“The collaborations enabled by the ERC have undoubtably been one of the highlights of my career,” Kostuk said. “It was extremely beneficial to me and the photovoltaic community at large, because we formed a really great team of experts. In many respects, this team is now considered a national resource on photovoltaics and will most likely play a major role in converting the United States to clean energy in the future decade.”
Kostuk has been involved in QESST since its formation, alongside professors Christiana Honsberg, from Arizona State University, and Harry Atwater, from the California Institute of Technology. Honsberg and Atwater have both testified before Congress on the state of photovoltaics in the United States.
“Professor Honsberg was interested in working with me because I was using optics to improve the performance of photovoltaic systems. I was kind of an outlier, because most of the other faculty involved were materials scientists who were experts on designing and processing solar cells,” Kostuk said. “At first I felt like a fish out of water being surrounded by materials scientists, but as time went on, we found ways to collaborate and come up with interesting ideas that used the strengths of many different areas.”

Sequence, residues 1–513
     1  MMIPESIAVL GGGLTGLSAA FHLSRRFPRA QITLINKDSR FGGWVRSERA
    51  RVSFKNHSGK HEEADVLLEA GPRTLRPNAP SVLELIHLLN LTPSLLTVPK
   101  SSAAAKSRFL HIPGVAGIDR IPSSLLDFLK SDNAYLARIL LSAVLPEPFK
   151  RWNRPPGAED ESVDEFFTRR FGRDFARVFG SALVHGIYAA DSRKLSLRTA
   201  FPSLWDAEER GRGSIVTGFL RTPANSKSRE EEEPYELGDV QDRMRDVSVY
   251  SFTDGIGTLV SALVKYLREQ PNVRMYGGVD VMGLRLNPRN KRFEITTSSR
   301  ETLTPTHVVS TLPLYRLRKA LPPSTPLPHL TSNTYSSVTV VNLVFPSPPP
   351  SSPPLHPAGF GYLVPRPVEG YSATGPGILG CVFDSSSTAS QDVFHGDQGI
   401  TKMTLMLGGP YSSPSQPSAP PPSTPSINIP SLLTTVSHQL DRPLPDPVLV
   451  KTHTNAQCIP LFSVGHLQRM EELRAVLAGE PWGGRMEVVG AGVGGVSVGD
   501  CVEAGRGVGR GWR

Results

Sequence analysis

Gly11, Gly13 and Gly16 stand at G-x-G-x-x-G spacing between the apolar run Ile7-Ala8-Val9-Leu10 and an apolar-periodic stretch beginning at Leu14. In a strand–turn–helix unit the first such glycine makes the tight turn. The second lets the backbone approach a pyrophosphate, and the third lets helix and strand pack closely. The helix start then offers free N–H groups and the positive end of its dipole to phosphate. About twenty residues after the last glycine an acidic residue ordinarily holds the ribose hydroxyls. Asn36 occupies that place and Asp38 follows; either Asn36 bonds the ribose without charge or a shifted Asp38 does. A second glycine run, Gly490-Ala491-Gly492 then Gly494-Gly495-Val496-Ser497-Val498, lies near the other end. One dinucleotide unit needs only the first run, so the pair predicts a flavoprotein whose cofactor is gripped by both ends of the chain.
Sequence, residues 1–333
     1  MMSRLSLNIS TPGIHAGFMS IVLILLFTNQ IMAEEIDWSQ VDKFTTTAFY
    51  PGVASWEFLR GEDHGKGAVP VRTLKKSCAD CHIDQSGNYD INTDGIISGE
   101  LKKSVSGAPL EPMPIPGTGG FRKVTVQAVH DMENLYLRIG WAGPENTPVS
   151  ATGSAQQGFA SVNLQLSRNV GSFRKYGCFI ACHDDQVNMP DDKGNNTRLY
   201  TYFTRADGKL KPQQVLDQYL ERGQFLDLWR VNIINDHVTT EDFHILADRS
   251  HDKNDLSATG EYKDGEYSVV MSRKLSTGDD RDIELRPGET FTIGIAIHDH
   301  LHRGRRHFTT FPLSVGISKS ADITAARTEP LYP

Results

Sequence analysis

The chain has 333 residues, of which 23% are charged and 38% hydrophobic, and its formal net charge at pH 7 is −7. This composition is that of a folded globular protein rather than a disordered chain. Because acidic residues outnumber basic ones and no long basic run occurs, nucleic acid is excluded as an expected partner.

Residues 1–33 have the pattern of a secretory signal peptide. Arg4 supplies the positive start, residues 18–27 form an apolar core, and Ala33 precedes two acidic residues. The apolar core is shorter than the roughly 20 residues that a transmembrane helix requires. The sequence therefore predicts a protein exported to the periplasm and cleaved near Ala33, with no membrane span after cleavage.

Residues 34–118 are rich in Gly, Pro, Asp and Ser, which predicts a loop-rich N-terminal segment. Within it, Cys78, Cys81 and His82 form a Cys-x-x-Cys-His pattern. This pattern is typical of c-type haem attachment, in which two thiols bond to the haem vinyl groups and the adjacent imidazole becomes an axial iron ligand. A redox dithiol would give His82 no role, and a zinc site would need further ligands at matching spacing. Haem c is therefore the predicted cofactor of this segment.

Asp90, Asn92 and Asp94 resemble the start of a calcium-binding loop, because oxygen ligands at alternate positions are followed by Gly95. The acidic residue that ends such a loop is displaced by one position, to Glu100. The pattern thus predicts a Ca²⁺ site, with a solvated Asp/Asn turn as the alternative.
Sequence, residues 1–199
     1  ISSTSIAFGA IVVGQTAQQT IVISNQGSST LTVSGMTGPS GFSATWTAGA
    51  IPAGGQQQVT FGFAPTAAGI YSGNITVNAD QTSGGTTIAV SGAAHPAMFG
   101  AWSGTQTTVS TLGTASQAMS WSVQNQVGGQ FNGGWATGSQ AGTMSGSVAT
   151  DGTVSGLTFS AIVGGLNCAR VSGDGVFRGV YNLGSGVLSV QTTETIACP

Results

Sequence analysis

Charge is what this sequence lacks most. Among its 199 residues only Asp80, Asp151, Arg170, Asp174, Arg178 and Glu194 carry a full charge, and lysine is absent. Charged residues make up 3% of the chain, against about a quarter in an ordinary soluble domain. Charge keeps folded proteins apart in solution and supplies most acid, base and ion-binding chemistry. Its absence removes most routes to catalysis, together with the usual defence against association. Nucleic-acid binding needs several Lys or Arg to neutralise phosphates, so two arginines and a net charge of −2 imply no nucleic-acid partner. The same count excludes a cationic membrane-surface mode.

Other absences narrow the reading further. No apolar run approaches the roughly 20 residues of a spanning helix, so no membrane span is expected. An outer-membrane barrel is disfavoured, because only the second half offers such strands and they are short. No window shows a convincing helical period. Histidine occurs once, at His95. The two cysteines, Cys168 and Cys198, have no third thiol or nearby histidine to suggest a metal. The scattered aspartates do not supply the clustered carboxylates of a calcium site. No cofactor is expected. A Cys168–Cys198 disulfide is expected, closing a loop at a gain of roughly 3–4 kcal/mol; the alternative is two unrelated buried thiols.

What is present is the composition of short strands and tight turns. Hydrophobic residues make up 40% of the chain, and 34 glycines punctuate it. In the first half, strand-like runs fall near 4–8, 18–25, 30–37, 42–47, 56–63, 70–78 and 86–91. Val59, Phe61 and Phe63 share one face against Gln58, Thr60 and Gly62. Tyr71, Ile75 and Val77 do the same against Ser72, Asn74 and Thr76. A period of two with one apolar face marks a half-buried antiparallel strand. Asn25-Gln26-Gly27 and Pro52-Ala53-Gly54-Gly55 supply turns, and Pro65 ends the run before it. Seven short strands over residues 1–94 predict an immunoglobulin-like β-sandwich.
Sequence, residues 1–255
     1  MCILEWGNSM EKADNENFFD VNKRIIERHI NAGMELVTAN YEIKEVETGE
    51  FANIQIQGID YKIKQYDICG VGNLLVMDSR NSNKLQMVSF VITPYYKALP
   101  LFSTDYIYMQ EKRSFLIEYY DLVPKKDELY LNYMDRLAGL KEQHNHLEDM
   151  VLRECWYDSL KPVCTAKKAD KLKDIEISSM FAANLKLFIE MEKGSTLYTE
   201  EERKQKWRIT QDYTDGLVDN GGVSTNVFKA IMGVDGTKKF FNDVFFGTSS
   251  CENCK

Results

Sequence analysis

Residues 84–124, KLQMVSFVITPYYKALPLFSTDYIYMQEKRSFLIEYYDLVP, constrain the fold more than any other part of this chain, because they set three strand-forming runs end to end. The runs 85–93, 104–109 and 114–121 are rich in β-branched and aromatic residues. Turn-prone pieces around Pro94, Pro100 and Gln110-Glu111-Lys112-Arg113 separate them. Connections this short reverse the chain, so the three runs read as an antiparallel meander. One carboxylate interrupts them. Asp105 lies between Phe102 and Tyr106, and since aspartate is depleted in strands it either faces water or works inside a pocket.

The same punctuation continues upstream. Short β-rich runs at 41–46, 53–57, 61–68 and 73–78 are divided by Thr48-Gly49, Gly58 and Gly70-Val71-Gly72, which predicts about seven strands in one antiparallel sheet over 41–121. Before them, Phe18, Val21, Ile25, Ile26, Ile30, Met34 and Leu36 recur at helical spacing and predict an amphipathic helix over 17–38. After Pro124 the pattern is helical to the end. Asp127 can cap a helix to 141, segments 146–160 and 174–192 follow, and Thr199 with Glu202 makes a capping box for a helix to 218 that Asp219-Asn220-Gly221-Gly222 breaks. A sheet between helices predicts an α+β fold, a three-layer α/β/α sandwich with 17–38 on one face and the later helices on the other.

Over QESST’s lifetime, photovoltaics grew rapidly in the United States and across the world. According to the U.S. Department of Energy, jobs in solar power have increased by nearly 160% since 2010.
Kostuk estimates his work with QESST resulted in him receiving well over $1 million in research funding, and another half-million from spinoff contracts and grants.